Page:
National Association of College Broadcasters

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The National Association of College Broadcasters (NACB), was founded in 1988 by four undergraduate students[1] at Brown University in Providence, Rhode Island. Jumpstarted by a $300,000 grant from the now-defunct CBS Foundation, thanks to connections through the father of co-founder Doug Liman, NACB became the first trade association specifically geared to all aspects of American student-staffed radio and television stations. (Other unaffiliated organizations, such as the National Broadcasting Society, Alpha Epsilon Rho, was geared to student journalists, and not all aspects of station operations, while the Intercollegiate Broadcasting System, geared to College radio, did not embrace Student television stations until well after NACB's founding. The National Association of Educational Broadcasters was focused on professionally run stations based on college campuses that were typically National Public Radio affiliates.)

Thanks in part to keynote addresses by legendary television journalist Walter Cronkite at its first national conference in November, 1988; media magnate Ted Turner the following year; and Quincy Jones at 1990's event, NACB put itself on the map quickly, reaching a peak of over 600 member stations in the US and a few internationally by 1992. Its National College Television and Radio Awards was the second (after the Academy of Television Arts & Sciences' annual student competition) to give significant cash prizes for student productions in a wide range of programming categories that year, thanks to support from several of the US's major media companies, including CBS, ESPN, CNN, NBC, HBO, FOX, E! Entertainment, MTV Networks and Interep.

Over its first few years, NACB hired three full-time staff to manage the association, at times including some graduating Brown students. The association continued to enjoy significant support from student volunteers and office space on campus donated by Brown University.

Among its notable successes were U-Net (later trademarked as U Network), a satellite-delivered programming network featuring top student productions; regional conferences expanding from the national; the comprehensive Station Handbook manual, an annually updated guide for Campus radio and TV station operations;[2] and a monthly print magazine, College Broadcaster, widely read among student managers and college station faculty advisors, published from 1989 through 1996. Unfortunately, the cost of delivering programming by satellite and the relatively few Student television station that could receive such programming at the time limited the reach of the network. In the mid-1990s, Lucie Salhany, head of the upstart television network by United Television and Paramount Pictures, made a modest unsolicited offer to buy the rights to the U Network name. NACB countered with a $100,000 request, which she refused, thus the network was named UPN instead of U.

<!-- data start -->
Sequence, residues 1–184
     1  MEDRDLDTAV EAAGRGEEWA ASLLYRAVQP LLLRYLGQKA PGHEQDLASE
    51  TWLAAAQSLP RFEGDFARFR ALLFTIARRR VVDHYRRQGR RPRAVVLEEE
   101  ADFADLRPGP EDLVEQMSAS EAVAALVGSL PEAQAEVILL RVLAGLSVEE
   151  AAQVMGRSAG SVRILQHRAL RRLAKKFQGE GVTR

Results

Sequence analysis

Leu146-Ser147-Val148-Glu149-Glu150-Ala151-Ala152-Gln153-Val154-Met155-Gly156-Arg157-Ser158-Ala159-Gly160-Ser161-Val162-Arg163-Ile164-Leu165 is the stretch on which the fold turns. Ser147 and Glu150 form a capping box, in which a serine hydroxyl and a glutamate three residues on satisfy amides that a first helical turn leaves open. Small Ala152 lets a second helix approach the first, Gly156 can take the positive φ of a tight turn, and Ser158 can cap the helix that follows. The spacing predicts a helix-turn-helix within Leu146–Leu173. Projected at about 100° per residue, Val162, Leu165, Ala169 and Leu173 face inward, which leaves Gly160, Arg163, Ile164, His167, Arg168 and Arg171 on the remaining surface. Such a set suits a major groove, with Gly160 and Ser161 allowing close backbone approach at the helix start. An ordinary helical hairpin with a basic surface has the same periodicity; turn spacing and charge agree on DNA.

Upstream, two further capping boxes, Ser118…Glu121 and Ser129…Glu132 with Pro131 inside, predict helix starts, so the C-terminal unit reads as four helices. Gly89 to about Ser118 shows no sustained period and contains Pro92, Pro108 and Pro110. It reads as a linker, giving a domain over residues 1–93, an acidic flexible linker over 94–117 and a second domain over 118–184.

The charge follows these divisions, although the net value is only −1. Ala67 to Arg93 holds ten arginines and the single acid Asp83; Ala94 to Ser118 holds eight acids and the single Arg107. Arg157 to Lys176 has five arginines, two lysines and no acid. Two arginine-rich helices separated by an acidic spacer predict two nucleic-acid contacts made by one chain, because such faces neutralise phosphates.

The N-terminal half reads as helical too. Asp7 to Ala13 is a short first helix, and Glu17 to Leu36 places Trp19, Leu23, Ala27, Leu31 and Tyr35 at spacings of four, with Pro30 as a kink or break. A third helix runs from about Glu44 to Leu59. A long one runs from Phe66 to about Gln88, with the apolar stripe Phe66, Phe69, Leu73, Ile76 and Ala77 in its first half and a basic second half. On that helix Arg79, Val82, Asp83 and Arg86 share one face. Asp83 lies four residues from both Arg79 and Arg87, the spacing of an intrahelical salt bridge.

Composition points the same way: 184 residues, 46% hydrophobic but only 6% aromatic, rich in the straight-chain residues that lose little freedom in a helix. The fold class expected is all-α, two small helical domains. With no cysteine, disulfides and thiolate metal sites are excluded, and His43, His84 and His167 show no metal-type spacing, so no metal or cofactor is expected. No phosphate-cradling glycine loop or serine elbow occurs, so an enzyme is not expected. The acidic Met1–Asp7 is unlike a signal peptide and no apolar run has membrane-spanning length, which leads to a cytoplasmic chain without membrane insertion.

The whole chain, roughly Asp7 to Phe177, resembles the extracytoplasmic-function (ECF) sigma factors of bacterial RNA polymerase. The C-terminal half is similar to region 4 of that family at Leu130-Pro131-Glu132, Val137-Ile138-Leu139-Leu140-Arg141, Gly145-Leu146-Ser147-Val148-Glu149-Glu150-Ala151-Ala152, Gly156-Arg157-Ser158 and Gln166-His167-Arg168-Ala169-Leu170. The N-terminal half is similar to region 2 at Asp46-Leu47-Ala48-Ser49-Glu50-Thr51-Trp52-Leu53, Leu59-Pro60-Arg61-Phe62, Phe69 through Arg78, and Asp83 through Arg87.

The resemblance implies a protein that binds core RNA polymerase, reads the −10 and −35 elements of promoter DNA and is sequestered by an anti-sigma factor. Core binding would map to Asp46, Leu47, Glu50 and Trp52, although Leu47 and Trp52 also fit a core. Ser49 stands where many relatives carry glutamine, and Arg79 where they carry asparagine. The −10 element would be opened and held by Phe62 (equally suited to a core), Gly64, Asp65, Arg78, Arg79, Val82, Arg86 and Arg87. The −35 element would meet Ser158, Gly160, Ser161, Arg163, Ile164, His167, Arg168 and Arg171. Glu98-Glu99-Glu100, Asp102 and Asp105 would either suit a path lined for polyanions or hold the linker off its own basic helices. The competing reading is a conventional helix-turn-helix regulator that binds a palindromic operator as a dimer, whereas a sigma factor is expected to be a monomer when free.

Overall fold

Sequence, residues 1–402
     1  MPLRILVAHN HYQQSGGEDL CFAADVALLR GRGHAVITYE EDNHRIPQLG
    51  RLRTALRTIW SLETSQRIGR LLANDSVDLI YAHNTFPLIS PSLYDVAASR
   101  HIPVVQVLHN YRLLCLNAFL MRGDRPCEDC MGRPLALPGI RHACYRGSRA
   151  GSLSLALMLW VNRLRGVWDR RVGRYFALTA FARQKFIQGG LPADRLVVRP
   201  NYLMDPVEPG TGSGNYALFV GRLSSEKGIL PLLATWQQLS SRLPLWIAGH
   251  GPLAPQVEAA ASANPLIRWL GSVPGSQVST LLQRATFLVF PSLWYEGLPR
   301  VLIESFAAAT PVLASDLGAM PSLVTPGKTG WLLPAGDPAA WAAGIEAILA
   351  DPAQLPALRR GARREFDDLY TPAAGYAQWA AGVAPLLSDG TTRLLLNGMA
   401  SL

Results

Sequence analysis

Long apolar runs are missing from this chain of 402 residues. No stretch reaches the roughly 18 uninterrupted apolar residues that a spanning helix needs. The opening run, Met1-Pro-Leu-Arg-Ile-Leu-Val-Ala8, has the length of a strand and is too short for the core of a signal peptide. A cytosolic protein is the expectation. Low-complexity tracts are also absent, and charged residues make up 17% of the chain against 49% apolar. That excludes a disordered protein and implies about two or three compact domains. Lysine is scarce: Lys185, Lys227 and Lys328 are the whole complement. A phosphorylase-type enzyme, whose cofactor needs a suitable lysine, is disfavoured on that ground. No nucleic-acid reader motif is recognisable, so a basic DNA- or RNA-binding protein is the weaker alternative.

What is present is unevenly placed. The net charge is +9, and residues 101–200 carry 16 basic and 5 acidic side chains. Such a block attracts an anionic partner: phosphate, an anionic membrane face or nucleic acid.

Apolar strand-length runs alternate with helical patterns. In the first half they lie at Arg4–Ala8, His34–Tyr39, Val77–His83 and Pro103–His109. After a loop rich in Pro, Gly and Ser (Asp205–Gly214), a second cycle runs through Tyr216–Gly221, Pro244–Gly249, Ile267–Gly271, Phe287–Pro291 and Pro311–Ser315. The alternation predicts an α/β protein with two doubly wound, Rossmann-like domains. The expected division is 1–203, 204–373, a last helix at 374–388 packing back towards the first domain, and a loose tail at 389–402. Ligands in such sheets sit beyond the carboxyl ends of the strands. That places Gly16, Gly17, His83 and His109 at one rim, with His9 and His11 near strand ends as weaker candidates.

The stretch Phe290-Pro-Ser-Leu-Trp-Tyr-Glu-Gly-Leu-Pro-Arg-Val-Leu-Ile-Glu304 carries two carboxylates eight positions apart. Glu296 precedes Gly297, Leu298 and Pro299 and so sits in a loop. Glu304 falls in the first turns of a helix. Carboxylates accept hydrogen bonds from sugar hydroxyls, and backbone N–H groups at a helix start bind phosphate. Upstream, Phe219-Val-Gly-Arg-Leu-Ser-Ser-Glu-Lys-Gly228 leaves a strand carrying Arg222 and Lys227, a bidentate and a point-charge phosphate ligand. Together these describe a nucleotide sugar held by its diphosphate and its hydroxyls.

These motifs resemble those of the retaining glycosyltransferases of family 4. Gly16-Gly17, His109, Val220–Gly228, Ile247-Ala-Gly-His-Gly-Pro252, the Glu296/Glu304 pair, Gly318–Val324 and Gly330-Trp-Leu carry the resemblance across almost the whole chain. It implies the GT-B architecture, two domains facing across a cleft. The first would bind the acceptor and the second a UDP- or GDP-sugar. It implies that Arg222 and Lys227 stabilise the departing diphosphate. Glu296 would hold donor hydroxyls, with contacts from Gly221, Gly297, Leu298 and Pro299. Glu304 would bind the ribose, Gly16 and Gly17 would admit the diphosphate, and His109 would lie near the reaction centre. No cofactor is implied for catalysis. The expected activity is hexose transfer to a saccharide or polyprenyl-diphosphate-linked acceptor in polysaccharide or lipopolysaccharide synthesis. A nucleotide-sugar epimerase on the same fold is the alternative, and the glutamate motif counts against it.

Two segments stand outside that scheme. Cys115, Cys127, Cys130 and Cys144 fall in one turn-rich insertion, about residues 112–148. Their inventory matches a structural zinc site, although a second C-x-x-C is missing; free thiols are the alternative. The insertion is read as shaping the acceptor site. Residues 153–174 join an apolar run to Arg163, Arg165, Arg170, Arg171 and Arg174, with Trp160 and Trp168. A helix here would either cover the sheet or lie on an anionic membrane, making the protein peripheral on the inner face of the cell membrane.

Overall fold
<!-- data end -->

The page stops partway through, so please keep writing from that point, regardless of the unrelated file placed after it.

NACB's board of directors was composed of students and faculty, most of whom turned over annually and whose business savvy was understandably not as mature as the industry professionals it attracted to its conferences. Its advisory board of media luminaries never met physically and was infrequently tapped for assistance. Incorporated as a 501(c) non-profit, its revenue streams were limited to member dues (quite low, to account for limited student organization budgets), conference registrations, database list rentals and a few special projects, so donations continued to be vital to its survival. Due primarily to a lack of seasoned leadership who could build the relationships that insured continued philanthropic support, the organization ceased operations in 1998.

Legacy: Realizing the vacuum left by NACB's demise, two of its member stations' faculty advisors (Will Robedee and Warren Kozireski) soon after founded College Broadcasters Inc., also a non-profit geared to college station operations. It continues to operate today. Fellow NACB co-founder David Bartis has continued to work closely with Doug Liman in the 20+ years since, forming a production company that has handled many major network television series as well as Doug directing major Hollywood studio feature films.